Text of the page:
What is it and how is it used?

Myclausen is a medicine used to suppress immune activity. The active substance of Myclausen is mycophenolate mofetil.
Myclausen is used to prevent your body from rejecting a transplanted kidney, heart or liver. It is used together with other medicines with a similar function (i.e. ciclosporin and corticosteroids).

Table of Contents
What do you have to consider before using it?
How is it used?
What are possible side effects?
How should it be stored?
Further information

What do you have to consider before using it?

Do not take Myclausen

- if you are allergic (hypersensitive) to mycophenolate mofetil, mycophenolic acid or any of the other ingredients of Myclausen.

- if you are breast-feeding.

Take special care with Myclausen

Patients taking Myclausen should be monitored carefully.

You should inform your doctor immediately:

- if you experience any evidence of infection (e.g. fever, sore throat), unexpected bruising and/or bleeding

- if you have or ever have had any problems with your digestive system, e.g. stomach ulcers

- if you are planning to become pregnant, or if you fall pregnant while taking Myclausen.

Myclausen reduces your body?s defence mechanism. Because of this, there is an increased risk of skin cancer. Therefore you should limit your exposure to sunlight and UV light by wearing appropriate protective clothing and using a sunscreen with a high protection factor.

Myclausen should be avoided in patients with rare hereditary deficiency of hypoxanthine-guanine phosphoribosyl-transferase (HGPRT) (an enzyme which acts against conditions such as gout).

Use in children

Children (under 2 years of age)
Myclausen is not recommended for use in children under 2 years of age.

Children and adolescents (aged 2 to 18 years)
No data are available to recommend the use of Myclausen in children and adolescents who have received a heart transplant or a liver transplant.

Taking other medicines

Please inform your doctor or pharmacist if you are taking or have recently taken any other medicines, including medicines obtained without a prescription.

Speak with your doctor if you are taking any of the following:

medicines containing:
- azathioprine or other immunosuppressive agents (which are sometimes given to patients after a transplant operation)
- cholestyramine (used to treat patients with high cholesterol)
- rifampicin (antibiotic)
- antacids
- phosphate binders (used in patients with chronic renal failure to reduce the absorption of phosphate)
- vaccines (live vaccines).

Taking Myclausen with food and drink

Taking food and drink has no influence on your treatment with Myclausen.

Pregnancy and breast-feeding

Use of Myclausen during pregnancy may cause miscarriage or damage to your unborn baby (abnormal development of ears for example).

If you plan to become pregnant, discuss with your doctor alternative medicines to best prevent rejection of your transplanted organ. In certain situations, you and your doctor may decide that the benefits of taking Myclausen for your health are more important than the possible risks to your unborn baby.

If you become pregnant while taking Myclausen, do not stop taking it, but tell your doctor about your pregnancy as soon as possible.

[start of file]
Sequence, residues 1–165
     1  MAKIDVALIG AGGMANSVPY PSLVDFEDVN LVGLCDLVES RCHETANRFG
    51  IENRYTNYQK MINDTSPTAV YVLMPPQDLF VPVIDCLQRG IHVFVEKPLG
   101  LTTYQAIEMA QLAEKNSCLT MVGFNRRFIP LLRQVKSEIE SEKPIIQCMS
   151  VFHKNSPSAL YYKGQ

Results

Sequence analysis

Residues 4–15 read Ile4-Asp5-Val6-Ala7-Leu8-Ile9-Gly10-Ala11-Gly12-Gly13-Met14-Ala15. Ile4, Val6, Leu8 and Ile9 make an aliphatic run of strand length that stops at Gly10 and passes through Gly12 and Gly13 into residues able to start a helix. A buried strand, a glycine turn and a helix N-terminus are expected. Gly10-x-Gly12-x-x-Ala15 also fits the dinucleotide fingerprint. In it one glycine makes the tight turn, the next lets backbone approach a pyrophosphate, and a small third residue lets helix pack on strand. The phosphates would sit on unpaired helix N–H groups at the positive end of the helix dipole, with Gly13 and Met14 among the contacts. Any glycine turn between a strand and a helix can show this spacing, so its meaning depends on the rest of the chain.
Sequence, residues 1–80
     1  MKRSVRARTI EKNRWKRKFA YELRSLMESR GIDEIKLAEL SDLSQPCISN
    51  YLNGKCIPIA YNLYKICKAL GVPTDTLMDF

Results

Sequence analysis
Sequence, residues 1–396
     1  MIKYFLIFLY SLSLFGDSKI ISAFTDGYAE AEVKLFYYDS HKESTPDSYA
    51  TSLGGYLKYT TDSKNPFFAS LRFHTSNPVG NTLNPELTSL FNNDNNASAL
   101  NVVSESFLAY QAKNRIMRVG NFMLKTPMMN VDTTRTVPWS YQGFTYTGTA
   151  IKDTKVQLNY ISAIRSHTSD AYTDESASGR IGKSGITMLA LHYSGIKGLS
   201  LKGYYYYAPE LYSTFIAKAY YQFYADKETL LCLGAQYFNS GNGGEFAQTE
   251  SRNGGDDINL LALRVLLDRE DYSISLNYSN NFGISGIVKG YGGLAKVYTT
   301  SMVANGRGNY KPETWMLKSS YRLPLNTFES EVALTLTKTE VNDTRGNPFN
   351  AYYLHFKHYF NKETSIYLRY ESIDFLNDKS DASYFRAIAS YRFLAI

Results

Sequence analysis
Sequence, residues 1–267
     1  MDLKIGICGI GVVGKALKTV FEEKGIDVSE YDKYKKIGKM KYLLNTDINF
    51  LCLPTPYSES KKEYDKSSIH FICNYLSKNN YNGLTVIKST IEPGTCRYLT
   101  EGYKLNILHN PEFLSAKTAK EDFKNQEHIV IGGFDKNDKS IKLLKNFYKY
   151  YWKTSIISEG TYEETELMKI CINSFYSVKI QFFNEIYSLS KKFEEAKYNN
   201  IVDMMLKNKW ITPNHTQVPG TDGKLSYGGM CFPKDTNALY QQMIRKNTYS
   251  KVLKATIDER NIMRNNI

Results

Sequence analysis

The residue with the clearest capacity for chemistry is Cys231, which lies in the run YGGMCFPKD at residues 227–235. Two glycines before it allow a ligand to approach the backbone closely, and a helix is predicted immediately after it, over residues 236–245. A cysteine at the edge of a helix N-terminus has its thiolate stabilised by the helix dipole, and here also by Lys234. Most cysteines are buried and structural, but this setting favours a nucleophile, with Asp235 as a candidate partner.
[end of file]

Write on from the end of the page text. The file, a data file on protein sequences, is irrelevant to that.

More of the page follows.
Do not take Myclausen if you are:

  • Breast-feeding
  • Pregnant (unless your doctor clearly tells you)

Tell your doctor straight away if:

  • You think you may be pregnant
  • You are breast-feeding
  • You plan to start a family in the near future

You must always use an effective method of birth control:

  • Before you start taking Myclausen
  • During your entire treatment with Myclausen
  • For 6 weeks after you stop taking Myclausen

You should talk to your doctor about the most suitable methods for birth control for you based on your individual situation.

Women who are capable of becoming pregnant must have a negative pregnancy test BEFORE starting treatment with Myclausen.

You are a woman who is not capable of becoming pregnant if any of the following applies to you:

  • You are post-menopausal, i.e. at least 50 years old and your last period was more than a year ago (if your periods have stopped because you have had treatment for cancer, then there is still a chance you could become pregnant).
  • Your fallopian tubes and both ovaries have been removed (bilateral salpingo-oophorectomy).
  • Your uterus has been surgically removed (hysterectomy).
  • You have premature failure of the ovaries, confirmed by a specialist gynaecologist.
  • You have been diagnosed with one of the following rare conditions that some patients are born with that make pregnancy impossible: the XY genotype, Turner?s syndrome or uterine agenesis.
  • You are a child/teenager who has not started having periods, and cannot become pregnant.
Driving and using machines

Myclausen has not been shown to impair your ability to drive or operate machinery.

How is it used?

Treatment with Myclausen should be initiated and maintained by appropriately qualified transplant specialists.

Always take Myclausen exactly as your doctor has told you. You should check with your doctor or pharmacist if you are not sure. The usual way to take Myclausen is as follows:

Kidney Transplant

Adults
The first dose will be given within 72 hours after the transplant operation. The recommended daily dose is 4 tablets (2 g of the active ingredient) taken as 2 separate doses. This means taking 2 tablets in the morning then 2 tablets in the evening.
In renal transplant patients with severe chronic renal impairment, outside the immediate post-transplant period, the recommended daily dose should not be greater than 1 g administered twice a day.

Children and adolescents (aged 2 to 18 years)
The dose given will vary depending on the size of the child. Your doctor will decide the most appropriate dose based on body surface area (height and weight). The recommended dose is 600 mg per m 2 taken twice a day.

Heart Transplant

Adults
The first dose will be given within 5 days following the transplant operation. The recommended daily dose is 6 tablets (3 g of the active ingredient) taken as 2 separate doses. This means taking 3 tablets in the morning then 3 tablets in the evening.

Liver Transplant

Adults